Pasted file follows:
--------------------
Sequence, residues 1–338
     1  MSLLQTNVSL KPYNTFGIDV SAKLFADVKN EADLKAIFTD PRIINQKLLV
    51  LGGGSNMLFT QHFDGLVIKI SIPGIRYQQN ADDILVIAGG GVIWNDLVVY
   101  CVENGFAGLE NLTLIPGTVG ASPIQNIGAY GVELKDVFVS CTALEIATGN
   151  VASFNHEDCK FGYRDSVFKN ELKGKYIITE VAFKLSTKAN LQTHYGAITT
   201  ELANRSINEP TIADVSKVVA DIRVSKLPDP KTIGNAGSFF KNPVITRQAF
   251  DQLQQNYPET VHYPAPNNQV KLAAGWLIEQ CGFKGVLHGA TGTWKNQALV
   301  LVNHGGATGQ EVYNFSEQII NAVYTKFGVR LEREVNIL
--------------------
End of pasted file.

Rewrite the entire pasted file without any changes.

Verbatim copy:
Sequence, residues 1–338
     1  MSLLQTNVSL KPYNTFGIDV SAKLFADVKN EADLKAIFTD PRIINQKLLV
    51  LGGGSNMLFT QHFDGLVIKI SIPGIRYQQN ADDILVIAGG GVIWNDLVVY
   101  CVENGFAGLE NLTLIPGTVG ASPIQNIGAY GVELKDVFVS CTALEIATGN
   151  VASFNHEDCK FGYRDSVFKN ELKGKYIITE VAFKLSTKAN LQTHYGAITT
   201  ELANRSINEP TIADVSKVVA DIRVSKLPDP KTIGNAGSFF KNPVITRQAF
   251  DQLQQNYPET VHYPAPNNQV KLAAGWLIEQ CGFKGVLHGA TGTWKNQALV
   301  LVNHGGATGQ EVYNFSEQII NAVYTKFGVR LEREVNIL